Oregon Governor John Kitzhaber celebrated the announcement, and credited the successful cooperation between the Service and its partners with improving the conservation landscape for all Oregonians.
"I couldn't be prouder that the first fish species proposed to be delisted under the Endangered Species Act is an Oregon native,” said Governor Kitzhaber. “This is a huge compliment to Oregonians and our history of conservation leadership, and an extraordinary testament to the power of collaboration between landowners and local, state, and federal agency employees. The delisting of the Oregon chub is the product of remarkable partnerships by committed people who have advanced Oregon's natural legacy while showing that economic health is not only possible but strengthened by efforts to recover and safeguard native fish and wildlife."
The Endangered Species Act, which just celebrated its 40th anniversary, has helped to stop the slide toward extinction for hundreds of species. Twenty-six species have been successfully recovered and removed from the Endangered Species List.
Along with the delisting proposal, the Service also is proposing to remove the species' critical habitat designation throughout its range.
“The partnership with the U.S. Fish and Wildlife Service was instrumental in Oregon chub recovery efforts,” said Roy Elicker, Director of the Oregon Department of Fish and Wildlife. “Their funding of monitoring and restoration activities, combined with the coordination of the safe harbor agreement to protect landowners, are big reasons why we're celebrating this recovery.”
Added Paul Henson, State Supervisor, Oregon Fish and Wildlife Office: “While the chub isn't an iconic fish species that many think about in the Pacific Northwest, it is a very important part of the ecosystem and indicator of good water quality and ecosystem health. By successfully recovering the chub, we're helping many iconic wildlife species and improving the watershed for all Oregonians.”
The Army Corps of Engineers has contributed significant resources to the monitoring and successful management of many Oregon chub populations on their lands and below the multiple flood control and hydroelectric dams associated with their Willamette Valley Project.
Other partners include the Service's Willamette Valley National Wildlife Refuge Complex, USDA Forest Service's Willamette National Forest, Oregon Parks and Recreation Department, Oregon Department of Transportation, McKenzie River Trust, Cities of Salem and Stayton, and Confederated Tribes of the Grand Ronde, all of which manage habitats that support Oregon chub populations.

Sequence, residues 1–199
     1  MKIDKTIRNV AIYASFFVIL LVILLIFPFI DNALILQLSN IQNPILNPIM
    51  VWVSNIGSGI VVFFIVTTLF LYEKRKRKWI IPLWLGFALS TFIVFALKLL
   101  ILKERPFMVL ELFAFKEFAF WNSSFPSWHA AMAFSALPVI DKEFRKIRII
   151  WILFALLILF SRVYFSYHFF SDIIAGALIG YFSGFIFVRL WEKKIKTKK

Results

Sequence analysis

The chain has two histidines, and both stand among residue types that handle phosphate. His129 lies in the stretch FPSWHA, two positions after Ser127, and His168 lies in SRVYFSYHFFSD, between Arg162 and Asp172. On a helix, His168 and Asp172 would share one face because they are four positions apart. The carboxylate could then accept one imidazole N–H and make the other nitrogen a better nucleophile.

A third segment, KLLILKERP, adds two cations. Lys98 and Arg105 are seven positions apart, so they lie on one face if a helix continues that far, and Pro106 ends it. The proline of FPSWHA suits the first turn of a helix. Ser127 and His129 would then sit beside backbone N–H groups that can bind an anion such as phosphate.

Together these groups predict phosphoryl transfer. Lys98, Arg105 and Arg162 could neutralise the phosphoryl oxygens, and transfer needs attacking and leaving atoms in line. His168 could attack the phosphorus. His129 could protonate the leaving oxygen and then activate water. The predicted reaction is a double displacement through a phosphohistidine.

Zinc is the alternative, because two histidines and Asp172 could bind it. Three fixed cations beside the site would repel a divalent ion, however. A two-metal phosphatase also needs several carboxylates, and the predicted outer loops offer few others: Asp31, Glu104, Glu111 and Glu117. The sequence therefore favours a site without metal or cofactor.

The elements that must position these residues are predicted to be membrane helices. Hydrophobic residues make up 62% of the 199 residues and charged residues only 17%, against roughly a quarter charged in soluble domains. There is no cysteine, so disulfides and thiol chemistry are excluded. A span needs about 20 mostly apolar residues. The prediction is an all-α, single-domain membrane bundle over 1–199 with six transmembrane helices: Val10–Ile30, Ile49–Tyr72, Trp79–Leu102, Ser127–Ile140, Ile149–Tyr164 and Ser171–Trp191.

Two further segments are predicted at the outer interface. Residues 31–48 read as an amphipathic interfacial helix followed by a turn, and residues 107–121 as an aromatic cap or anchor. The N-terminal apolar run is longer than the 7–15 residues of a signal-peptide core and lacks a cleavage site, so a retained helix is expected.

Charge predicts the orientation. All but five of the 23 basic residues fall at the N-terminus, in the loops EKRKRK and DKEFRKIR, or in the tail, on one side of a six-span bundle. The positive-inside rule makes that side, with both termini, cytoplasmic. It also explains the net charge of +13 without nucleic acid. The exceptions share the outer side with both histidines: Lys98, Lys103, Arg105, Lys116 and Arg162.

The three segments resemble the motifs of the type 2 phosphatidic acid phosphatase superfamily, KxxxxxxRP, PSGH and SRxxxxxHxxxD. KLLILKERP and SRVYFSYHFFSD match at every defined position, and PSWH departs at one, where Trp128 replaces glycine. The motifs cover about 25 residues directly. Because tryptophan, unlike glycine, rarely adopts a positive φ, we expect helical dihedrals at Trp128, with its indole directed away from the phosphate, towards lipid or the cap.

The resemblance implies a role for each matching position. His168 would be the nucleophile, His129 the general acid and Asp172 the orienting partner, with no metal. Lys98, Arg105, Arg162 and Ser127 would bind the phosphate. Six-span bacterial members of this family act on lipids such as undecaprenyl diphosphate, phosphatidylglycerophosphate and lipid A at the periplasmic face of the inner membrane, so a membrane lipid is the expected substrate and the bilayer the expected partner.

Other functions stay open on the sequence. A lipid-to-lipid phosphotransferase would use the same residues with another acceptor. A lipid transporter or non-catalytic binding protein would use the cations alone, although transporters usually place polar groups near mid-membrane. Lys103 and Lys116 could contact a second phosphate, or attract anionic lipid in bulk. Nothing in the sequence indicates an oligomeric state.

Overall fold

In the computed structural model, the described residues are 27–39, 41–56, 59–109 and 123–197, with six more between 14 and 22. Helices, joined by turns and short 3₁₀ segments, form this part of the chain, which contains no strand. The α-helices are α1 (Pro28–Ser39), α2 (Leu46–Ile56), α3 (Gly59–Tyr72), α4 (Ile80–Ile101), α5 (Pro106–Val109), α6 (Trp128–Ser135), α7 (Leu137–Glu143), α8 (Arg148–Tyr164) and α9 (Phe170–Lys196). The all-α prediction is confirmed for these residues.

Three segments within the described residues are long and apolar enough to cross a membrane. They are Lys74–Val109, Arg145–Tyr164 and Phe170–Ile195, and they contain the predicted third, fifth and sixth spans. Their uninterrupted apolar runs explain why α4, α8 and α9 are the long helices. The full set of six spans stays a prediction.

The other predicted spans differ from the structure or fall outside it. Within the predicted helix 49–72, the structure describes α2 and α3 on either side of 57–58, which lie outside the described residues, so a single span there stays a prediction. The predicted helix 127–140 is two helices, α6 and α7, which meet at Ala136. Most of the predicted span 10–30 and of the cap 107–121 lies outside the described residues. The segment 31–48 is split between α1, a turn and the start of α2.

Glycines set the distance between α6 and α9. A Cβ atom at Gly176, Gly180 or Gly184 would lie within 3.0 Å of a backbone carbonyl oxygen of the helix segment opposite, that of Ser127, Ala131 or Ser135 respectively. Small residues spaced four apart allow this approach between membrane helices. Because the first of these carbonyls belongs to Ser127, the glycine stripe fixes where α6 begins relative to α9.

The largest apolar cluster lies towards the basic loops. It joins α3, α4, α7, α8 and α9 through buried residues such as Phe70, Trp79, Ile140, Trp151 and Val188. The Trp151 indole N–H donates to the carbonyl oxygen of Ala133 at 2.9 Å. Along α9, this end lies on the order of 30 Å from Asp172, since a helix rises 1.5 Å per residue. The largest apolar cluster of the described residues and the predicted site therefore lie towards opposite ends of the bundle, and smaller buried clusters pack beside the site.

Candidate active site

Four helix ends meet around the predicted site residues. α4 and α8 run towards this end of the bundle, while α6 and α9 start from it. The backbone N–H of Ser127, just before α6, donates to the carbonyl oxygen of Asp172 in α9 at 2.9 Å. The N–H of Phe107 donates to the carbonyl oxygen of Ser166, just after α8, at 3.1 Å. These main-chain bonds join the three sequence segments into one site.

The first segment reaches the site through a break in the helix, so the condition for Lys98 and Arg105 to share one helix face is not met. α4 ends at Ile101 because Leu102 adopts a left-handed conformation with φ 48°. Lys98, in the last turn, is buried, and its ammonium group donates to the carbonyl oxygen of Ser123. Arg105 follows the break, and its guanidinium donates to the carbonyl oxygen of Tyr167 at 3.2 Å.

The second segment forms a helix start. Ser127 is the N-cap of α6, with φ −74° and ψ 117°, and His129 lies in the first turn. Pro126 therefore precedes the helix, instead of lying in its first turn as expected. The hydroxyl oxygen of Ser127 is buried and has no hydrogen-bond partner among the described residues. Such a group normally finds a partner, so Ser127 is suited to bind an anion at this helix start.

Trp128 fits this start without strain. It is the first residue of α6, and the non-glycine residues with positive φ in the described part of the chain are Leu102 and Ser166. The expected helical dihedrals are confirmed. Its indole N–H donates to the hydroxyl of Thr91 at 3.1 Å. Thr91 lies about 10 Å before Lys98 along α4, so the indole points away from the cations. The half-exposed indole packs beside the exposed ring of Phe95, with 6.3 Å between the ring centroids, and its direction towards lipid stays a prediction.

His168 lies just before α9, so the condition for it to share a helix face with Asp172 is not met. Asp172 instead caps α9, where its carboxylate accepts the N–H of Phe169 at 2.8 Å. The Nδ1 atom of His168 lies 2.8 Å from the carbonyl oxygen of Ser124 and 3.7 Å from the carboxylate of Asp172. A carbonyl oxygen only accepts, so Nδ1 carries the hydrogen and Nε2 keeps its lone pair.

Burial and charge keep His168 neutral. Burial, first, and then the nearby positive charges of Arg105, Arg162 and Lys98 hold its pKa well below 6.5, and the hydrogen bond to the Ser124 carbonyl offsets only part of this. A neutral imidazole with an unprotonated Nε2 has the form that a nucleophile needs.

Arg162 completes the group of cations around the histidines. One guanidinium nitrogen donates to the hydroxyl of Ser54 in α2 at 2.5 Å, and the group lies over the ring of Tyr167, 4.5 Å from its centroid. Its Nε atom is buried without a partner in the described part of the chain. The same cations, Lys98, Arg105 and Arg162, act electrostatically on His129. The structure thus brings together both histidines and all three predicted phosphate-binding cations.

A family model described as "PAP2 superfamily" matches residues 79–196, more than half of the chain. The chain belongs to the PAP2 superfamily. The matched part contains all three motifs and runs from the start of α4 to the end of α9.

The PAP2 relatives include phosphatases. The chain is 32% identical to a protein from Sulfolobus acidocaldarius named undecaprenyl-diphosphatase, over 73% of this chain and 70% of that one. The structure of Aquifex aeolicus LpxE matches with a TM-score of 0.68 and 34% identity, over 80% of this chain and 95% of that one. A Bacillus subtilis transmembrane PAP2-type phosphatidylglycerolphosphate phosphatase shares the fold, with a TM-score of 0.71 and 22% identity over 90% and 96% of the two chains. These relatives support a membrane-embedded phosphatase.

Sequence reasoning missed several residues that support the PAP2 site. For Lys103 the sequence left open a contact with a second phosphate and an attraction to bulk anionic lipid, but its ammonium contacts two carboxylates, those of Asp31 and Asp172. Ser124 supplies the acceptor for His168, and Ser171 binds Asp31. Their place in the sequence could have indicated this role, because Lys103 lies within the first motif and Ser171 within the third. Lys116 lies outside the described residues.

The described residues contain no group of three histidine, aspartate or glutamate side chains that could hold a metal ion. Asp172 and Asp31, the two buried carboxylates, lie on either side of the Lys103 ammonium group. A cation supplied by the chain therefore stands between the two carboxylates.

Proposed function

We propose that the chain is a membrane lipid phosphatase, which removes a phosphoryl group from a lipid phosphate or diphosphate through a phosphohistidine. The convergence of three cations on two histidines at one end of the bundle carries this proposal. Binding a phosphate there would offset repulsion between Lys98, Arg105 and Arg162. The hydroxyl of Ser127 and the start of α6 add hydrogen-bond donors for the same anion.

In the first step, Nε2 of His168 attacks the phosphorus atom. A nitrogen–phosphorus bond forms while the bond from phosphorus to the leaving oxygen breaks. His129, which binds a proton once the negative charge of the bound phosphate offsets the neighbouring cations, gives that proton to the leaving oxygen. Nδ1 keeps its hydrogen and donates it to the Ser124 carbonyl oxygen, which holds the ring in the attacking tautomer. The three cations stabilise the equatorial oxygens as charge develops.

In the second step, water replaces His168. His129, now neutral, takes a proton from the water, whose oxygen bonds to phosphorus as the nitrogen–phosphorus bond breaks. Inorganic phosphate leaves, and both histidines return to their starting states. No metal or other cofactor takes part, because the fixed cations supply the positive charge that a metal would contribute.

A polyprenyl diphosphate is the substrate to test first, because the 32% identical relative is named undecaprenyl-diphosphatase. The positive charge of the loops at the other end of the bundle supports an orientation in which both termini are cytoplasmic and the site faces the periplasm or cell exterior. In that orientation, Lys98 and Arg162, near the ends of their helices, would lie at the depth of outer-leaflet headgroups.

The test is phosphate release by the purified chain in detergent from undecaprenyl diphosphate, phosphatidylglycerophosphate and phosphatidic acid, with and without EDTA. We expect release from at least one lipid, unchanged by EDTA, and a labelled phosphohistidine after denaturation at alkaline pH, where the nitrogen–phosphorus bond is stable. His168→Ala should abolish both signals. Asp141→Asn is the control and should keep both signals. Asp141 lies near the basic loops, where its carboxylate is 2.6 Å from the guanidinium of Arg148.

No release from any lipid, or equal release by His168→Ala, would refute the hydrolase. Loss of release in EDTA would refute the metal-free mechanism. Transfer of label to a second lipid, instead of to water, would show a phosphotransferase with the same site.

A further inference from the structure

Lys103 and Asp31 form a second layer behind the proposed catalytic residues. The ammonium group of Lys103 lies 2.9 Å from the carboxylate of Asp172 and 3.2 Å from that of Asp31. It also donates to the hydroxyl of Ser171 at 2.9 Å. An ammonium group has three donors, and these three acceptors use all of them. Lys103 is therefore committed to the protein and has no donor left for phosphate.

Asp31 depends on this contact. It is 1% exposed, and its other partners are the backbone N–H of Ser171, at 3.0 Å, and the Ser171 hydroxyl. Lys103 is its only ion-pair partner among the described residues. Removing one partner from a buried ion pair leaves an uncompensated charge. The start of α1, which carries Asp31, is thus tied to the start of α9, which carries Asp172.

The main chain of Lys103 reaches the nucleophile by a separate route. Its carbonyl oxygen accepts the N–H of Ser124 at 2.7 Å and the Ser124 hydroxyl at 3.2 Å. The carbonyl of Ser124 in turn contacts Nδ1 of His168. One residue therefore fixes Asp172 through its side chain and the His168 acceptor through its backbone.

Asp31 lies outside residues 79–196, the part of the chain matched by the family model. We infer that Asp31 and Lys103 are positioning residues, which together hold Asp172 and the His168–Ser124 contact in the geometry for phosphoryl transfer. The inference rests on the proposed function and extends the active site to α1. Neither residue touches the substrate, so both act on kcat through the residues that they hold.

Many private landowners have contributed to the recovery of Oregon chub by managing habitats on their lands, and, in some cases, creating habitat to support introductions of the species on their property.
Many of the privately owned introduction sites were created or restored under the Service's Partners for Fish and Wildlife Program. Oregon chub populations exist on the William L. Finley and Ankeny Refuges, with Ankeny supporting the largest known population in the Willamette River Basin.
The Service now has up to one year to determine whether the proposal should become final. The Service will open a 60-day public comment period on Feb. 6, 2014, to allow the public to review and comment on the proposal and provide additional information. The final decision whether or not to delist the Oregon chub will be based on the best scientific and commercial data available.
For more information about the Oregon chub and the Federal Register notice, click here.
The U.S. Fish and Wildlife Service works with others to conserve, protect, and enhance fish, wildlife, plants, and their habitats for the continuing benefit of the American people. For more information, visit fws.gov.